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Wednesday, June 11, 2014

Looking bad



As if allegations of being the mentor to the pork barrel queen are not enough to make him look bad, news of Budget Secretary Florencio Abad’s total number of 11 family members in government can’t even budge him from his enviable position of the President’s closest and most trusted ally. Now, if you’re counting, that’s about four times the sound of bad resonated in one full sentence.
 
Janet Napoles, the alleged pork barrel queen, has accused Mr. Abad as the one who taught her how to divert funds from the pork barrel allocated to members of Congress. Benhur Luy, the other whistleblower, also implicated Mr. Abad although the latter’s name was erased from his list.
 
But no matter how loud the protestations are, President Aquino appears impervious and obdurate in his belief that there is no probable cause his most trusted cabinet secretary had committed a crime. Even if the whistleblowers Janet Napoles and Benhur Luy also pointed to Mr. Abad’s direct involvement in the 10-billion-peso pork barrel scandal, similar to the allegations that form the basis of the charges against Senators Juan Ponce Enrile, Jinggoy Estrada and Ramon Revilla Jr. The Philippine system of justice looks not just laughable but just as bad and as duplicitous as the moral standards that dictate the President’s convenient set of values.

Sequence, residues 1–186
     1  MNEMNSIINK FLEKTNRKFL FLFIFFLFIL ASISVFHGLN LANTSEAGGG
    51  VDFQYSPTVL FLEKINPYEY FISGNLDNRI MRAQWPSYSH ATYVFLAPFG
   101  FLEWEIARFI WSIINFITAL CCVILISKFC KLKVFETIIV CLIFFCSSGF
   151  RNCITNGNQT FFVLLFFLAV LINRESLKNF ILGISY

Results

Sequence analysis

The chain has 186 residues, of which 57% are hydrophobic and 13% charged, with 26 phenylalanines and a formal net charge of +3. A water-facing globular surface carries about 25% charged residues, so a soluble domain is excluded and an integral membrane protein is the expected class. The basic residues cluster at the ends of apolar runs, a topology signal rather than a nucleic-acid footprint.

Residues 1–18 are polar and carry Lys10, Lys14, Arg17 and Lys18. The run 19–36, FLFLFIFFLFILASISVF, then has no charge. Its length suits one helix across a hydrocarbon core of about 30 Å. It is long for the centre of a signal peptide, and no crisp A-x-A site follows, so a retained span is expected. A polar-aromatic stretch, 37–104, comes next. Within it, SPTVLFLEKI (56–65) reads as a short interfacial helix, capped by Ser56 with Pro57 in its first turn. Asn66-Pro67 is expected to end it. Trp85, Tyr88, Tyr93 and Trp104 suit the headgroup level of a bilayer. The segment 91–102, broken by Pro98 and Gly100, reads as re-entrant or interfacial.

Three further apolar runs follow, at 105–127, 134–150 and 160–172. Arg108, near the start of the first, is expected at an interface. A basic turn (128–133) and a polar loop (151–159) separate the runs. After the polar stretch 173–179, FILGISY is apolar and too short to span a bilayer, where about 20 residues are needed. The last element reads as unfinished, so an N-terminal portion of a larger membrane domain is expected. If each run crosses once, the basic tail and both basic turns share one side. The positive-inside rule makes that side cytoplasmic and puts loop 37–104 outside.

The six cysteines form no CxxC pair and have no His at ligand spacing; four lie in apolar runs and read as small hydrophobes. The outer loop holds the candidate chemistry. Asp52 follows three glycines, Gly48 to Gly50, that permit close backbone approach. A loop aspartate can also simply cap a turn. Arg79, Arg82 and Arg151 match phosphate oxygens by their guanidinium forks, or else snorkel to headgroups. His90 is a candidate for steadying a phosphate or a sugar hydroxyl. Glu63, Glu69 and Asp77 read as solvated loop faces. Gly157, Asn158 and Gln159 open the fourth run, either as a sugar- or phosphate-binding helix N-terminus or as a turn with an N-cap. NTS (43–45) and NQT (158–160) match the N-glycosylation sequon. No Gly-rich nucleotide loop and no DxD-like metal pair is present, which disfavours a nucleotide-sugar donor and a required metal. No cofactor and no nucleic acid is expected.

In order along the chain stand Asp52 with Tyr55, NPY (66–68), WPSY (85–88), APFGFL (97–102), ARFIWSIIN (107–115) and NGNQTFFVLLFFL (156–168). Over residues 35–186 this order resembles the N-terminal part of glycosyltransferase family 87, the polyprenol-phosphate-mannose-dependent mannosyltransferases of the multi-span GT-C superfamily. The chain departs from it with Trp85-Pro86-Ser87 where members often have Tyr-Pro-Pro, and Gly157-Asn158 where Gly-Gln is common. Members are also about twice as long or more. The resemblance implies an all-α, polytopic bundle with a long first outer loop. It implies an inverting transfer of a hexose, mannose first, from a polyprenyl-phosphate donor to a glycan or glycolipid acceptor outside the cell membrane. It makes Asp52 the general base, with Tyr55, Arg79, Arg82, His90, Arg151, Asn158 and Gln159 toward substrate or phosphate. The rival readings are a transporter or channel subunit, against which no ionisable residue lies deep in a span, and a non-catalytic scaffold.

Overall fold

Three's not a crowd. Senator Bong Revilla hugs Minority Leader Juan Ponce
Enrile and Senator Jinggoy Estrada, his co-respondents in the plunder case
filed by the government. SENATE PHOTO.
“There seems to be a selective justice. We are all aware there are many people involved and yet only three are charged,” according to the Integrated Bar of the Philippines, the official organization of all Philippine lawyers, as it questioned the government’s selective indictment of people linked to the pork barrel scam.
 
If we are to use the allegations of both Napoles and Luy to indict and eventually convict the three senators, shouldn’t Mr. Abad be judged on the same accusation? Why prosecute the three senators but show mercy to Mr. Abad? After all, the allegations have yet to be proved in court and it should be the same principle of presumption of innocence that must be applied to all, including Mr. Abad and all the President’s allies implicated in the scandal. Not presuming Mr. Abad’s innocence and pronouncing the guilt of the others accused because they happen to be outside the President’s circle.
 
Convict the three senators if you will, but don’t spare Mr. Abad because he is the President’s most trusted ally.
 
In shielding Mr. Abad from prosecution, President Aquino is showing he has no “delicadeza” and shame. The President is fiddling with the detrimental side of politics and favouritism. The same can be said about Mr. Abad’s proliferation of his kin in government.